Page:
How to Store Chemicals Properly
Chemicals should be stored properly and it is important to know how to do it especially if you have a lab or a research center. Guidelines from the Occupational Safety and Health Administration or OSHA, regarding the proper storage of chemicals should be given importance. Chemical storage should follow these requirements.
There is more to storing chemicals than just putting them on shelves. Because there are different kinds of chemicals they should be separated and storage accordingly. For best results, different kinds of chemical should be stored in different cabinets or storage places.
When you are storing chemicals, remember that these chemicals can interact. If there is negative interaction between two types of chemicals, they should be kept far away from each other. Solvents and oxidizing agents should not be put together, and solvents should be kept in cabinets that are fire resistant. Acids (nitric, hydrochloric, and sulfuric) should be kept away from bases (sodium hydroxide, potassium hydroxide, slaked lime, sodium carbonate, and aqueous ammonia). Mixing these corrosive bases with acids with be generating heat which is very risky. Labeling chemical containers is important and for cylindrical ones the label should be on the shoulders.
The recommendation of the OSHA is that there should be at least five chemical storage areas or cabinets. These five storage cabinets can contain the following: general chemicals for the first cabinet where chemicals are put depending on category and hazardous rating, acids for the second cabinet, corrosive acids for the third, corrosive bases for the fourth, and flammable chemicals for the last cabinet. These cabinets should be far from sinks or water sources and should always be locked. It should be a concern that there might be excessive chemical vapors from liquid chemicals kept in cabinets. It is best to put these cabinets away from the sunlight but in cool, dry places. Hazardous signs should be put up on cabinets or storage places for chemicals.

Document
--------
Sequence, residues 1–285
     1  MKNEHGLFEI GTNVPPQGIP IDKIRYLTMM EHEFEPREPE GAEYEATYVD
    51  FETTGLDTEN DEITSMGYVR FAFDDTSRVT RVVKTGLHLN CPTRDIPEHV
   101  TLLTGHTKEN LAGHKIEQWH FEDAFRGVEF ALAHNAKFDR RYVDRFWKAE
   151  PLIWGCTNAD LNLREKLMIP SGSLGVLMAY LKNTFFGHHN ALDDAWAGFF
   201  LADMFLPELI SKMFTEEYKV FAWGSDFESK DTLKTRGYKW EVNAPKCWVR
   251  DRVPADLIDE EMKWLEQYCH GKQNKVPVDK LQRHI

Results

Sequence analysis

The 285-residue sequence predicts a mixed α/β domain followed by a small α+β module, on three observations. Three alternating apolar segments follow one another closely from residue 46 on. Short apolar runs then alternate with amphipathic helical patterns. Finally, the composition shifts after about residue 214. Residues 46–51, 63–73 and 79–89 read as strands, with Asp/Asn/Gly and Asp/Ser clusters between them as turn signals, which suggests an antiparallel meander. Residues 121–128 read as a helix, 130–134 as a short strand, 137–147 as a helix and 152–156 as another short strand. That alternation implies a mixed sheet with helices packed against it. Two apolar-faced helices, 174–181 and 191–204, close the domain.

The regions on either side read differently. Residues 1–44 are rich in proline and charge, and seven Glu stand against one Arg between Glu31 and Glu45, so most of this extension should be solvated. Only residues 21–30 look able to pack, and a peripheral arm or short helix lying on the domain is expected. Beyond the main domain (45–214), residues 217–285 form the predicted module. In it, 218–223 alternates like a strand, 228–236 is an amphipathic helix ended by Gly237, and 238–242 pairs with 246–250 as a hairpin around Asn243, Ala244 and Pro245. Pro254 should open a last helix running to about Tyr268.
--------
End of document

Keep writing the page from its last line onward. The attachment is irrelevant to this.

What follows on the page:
To help identify chemicals quickly, it has been recommended by OSHA to create a color coding system because they do not have a specific system that everyone should follow. An example color coding scheme would be as follows: red for flammable chemicals, yellow for reactive or oxidizing agents, blue for chemicals hazardous to health, white for corrosive chemicals, and green and gray for chemicals that are moderately hazardous.
The people that are handling the chemicals should receive training on the safety storage procedures. There should be training every few months as recommended by OSHA. Staff should be informed about new chemicals and should also be taught of its proper storage. It is very important to store chemicals properly. The property and the people are protected if chemicals are stored well. You should ensure that all chemicals are handled by trained and qualified personnel.
Source: spill barrier